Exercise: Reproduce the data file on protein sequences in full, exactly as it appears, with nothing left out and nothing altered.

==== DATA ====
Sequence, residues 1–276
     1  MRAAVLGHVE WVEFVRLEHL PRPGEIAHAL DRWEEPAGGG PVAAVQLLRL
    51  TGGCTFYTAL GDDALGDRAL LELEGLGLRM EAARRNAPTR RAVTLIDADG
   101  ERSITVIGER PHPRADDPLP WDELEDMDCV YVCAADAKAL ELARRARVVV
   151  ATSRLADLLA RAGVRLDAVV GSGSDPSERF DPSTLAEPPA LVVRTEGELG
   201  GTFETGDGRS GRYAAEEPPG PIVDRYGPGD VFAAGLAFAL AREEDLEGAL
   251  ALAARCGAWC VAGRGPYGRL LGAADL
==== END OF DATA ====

Sequence, residues 1–276
     1  MRAAVLGHVE WVEFVRLEHL PRPGEIAHAL DRWEEPAGGG PVAAVQLLRL
    51  TGGCTFYTAL GDDALGDRAL LELEGLGLRM EAARRNAPTR RAVTLIDADG
   101  ERSITVIGER PHPRADDPLP WDELEDMDCV YVCAADAKAL ELARRARVVV
   151  ATSRLADLLA RAGVRLDAVV GSGSDPSERF DPSTLAEPPA LVVRTEGELG
   201  GTFETGDGRS GRYAAEEPPG PIVDRYGPGD VFAAGLAFAL AREEDLEGAL
   251  ALAARCGAWC VAGRGPYGRL LGAADL